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Archives of Endocrinology and Metabolism

Print version ISSN 2359-3997On-line version ISSN 2359-4292

Arch. Endocrinol. Metab. vol.62 no.6 São Paulo Dec. 2018 

Case Report

Early development of a gonadal tumor in a patient with mixed gonadal dysgenesis

Sarah Crestian Cunha*1 

Juliana Gabriel Ribeiro de Andrade*2 

Camila Matsunaga de Angelis3 

Athanase Billis3 

Joaquim Murray Bustorff-Silva1 

Andréa Trevas Maciel-Guerra2  4 

Márcio Lopes Miranda1  2 

Gil Guerra-Júnior2  5 

1Divisão de Cirurgia Pediátrica, Departamento de Cirurgia, Faculdade de Ciências Médicas, Universidade Estadual de Campinas (FCM-Unicamp), Campinas, SP, Brasil

2Grupo Interdisciplinar de Estudos da Determinação e Diferenciação do Sexo (GIEDDS), Faculdade de Ciências Médicas, Universidade Estadual de Campinas (FCM-Unicamp), Campinas, SP, Brasil

3Departamento de Anatomia Patológica, Faculdade de Ciências Médicas, Universidade Estadual de Campinas (FCM-Unicamp), Campinas, SP, Brasil

4Departamento de Genética Médica, Faculdade de Ciências Médicas, Universidade Estadual de Campinas (FCM-Unicamp), Campinas, SP, Brasil

5Departamento de Pediatria, Unidade de Endocrinologia Pediátrica, Faculdade de Ciências Médicas, Universidade Estadual de Campinas (FCM-Unicamp), Campinas, SP, Brasil


A gonadal tumor was diagnosed in the first months of life in a patient with genital ambiguity, a 45,X/46,XY karyotype, and mixed gonadal dysgenesis. Gonadal biopsies at the age of 3 months revealed dysgenetic testes and a gonadoblastoma on the right testis. Even though gonadal tumors are rare in childhood, this case indicates that prophylactic removal of dysgenetic gonads should be performed as early as possible, especially when the female sex is assigned to a patient with a Y-chromosome sequence.


Disorders of sex development (DSD) are a group of congenital conditions in which the chromosomal, gonadal, or anatomical sex is atypical. These conditions include disorders of gonadal development, comprising various types of gonadal dysgenesis (GD) (1).

A GD may be either complete (CGD), with bilateral streak and female internal and external genitalia in XX or XY individuals; partial (PGD), characterized by genital ambiguity and two dysgenetic testes or a dysgenetic testis and a streak gonad in 46,XY subjects; or mixed (MGD), when a 45,X/46,XY karyotype or its variants are found in a patient whose gonadal and genital phenotype is similar to that of PGD (2).

In MGD, the presence of a 45,X cell line is associated with features of Turner syndrome, including short stature, cardiac and renal malformations, and thyroid disease, among others; thus, MGD and PGD have different prognoses (3,4).

The presence of Y-chromosome sequences in patients with GD increases their risk of developing gonadal tumors (5,6). In patients with MGD, this risk is estimated to be 3-4% and 10-20% at the ages of 10 and 15 years, respectively. The overall risk is 20-25% and may rise up to 46% at the age of 40 years (7).

In patients with MGD reared as girls, bilateral gonadectomy should be performed in childhood or upon diagnosis because of the risk of malignancy and insufficient gonadal function. For those reared as boys, removal of streak gonads and strikingly dysgenetic testes should also be done early; testes with lesser degrees of dysgenesis may be preserved in the scrotum and closely followed up for early detection of tumor development (8-11).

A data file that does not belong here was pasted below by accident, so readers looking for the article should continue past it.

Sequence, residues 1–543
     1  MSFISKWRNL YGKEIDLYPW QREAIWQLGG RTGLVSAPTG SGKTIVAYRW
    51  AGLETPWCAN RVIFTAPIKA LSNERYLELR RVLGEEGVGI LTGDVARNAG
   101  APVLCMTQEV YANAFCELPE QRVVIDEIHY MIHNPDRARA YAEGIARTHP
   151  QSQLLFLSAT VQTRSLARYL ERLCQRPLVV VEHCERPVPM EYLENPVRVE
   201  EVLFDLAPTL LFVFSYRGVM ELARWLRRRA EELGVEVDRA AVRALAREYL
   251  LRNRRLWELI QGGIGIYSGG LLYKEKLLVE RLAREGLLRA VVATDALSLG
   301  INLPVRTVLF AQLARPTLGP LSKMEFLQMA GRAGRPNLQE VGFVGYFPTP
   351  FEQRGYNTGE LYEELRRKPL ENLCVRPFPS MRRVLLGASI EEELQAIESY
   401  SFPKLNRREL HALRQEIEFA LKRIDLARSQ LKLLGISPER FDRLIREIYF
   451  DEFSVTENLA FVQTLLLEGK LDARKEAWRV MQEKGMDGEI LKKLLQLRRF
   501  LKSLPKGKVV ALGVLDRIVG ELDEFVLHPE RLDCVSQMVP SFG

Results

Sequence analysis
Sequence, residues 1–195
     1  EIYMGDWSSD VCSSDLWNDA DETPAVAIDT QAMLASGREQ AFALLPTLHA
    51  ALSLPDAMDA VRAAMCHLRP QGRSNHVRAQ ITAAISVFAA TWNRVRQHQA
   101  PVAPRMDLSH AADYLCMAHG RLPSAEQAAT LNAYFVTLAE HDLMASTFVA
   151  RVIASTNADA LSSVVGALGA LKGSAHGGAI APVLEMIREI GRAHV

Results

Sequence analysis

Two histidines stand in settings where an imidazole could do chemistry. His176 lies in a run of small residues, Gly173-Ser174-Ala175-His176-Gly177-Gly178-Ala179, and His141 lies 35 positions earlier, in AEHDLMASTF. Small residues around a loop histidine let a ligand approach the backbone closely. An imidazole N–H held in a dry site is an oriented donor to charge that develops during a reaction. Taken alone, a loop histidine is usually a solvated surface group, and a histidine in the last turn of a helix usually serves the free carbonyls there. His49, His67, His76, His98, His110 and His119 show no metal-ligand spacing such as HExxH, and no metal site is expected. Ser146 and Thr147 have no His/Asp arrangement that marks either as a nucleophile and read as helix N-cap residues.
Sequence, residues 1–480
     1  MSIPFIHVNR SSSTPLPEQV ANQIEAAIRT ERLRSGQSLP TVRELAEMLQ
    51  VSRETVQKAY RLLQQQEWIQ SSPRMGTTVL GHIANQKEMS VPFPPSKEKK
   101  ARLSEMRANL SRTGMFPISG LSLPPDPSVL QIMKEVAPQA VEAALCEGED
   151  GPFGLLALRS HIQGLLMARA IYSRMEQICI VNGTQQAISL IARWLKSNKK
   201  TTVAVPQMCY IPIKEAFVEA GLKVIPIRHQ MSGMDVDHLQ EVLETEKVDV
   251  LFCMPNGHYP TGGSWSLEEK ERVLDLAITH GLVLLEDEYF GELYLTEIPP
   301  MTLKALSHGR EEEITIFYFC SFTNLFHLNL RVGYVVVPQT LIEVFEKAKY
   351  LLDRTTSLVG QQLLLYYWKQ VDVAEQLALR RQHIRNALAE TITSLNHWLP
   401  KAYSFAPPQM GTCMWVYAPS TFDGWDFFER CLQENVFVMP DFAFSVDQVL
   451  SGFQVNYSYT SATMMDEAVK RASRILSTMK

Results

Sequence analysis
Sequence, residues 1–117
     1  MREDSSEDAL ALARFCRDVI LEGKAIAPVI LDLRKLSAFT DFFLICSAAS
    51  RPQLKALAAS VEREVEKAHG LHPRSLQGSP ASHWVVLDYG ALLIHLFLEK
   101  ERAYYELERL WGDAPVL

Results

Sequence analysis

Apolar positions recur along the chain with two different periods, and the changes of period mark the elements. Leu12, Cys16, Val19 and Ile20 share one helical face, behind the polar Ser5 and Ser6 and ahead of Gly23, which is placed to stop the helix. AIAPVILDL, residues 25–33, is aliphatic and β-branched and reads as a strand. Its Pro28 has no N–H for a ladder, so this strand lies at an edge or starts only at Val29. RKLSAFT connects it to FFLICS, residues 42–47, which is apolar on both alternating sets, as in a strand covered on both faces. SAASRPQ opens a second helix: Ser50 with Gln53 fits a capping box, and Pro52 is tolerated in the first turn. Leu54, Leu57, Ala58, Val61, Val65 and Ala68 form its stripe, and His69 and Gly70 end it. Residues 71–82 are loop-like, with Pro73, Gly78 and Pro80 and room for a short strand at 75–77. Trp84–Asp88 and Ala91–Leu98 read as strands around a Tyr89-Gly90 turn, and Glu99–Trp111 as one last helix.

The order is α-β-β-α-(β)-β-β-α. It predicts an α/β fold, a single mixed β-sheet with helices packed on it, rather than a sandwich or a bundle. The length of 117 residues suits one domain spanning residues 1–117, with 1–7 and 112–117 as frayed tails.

The aim of this report is to describe a patient with MGD who developed a gonadoblastoma within the first months of life. This case can add knowledge to support the decision about early prophylactic gonadectomy in this group of patients.


A 43-day-old infant without sex assignment was referred to us due to genital ambiguity. This infant was born at term by cesarean section and without neonatal complications, with a birth weight of 2,580 g and a length of 45 cm. The infant – the only child of healthy, unrelated parents – also had a healthy, 17-month-old maternal half-brother.

The physical examination revealed a healthy infant with normal growth and without dysmorphic features, except for those of the external genitalia. A 3.5-cm phallus with chordee and penoscrotal hypospadias was present, and both gonads were palpable in the inguinal region. The features of the external genitalia were compatible with Prader grade III/IV (12), and the external masculinization score (EMS) (13) was 6.0.

The infant's karyotype was 45,X[7]/46,XY[43] and, on pelvic ultrasound, uterus and vagina were visualized. Basal levels of gonadotropins (FSH: 4.87 IU/L; LH: 5.45 IU/L), total testosterone (2.51 ng/mL), androstenedione (8.76 mg/dL), estradiol (22 pg/mL), and 17-hydroxyprogesterone (216.6 ng/dL) were normal for the reference values at minipuberty (when the hormonal values are similar to those of normal puberty). Abdominal ultrasound showed no urinary tract malformations, and echocardiography was also normal.

Bilateral inguinotomy and biopsies of both gonads were performed at the age of 3 months to evaluate the degree of GD or the presence of ovarian tissue. At the same time, laparoscopy – which is the gold standard for the evaluation of internal genitalia (14) – confirmed the presence of uterus and fallopian tubes. The histology revealed bilateral dysgenetic testes with signs of neoplastic transformation on the right gonad (Figure 1).

Figure 1 Biopsy of the right gonad showing germ cells intermingled with seminiferous tubules with decreased diameter.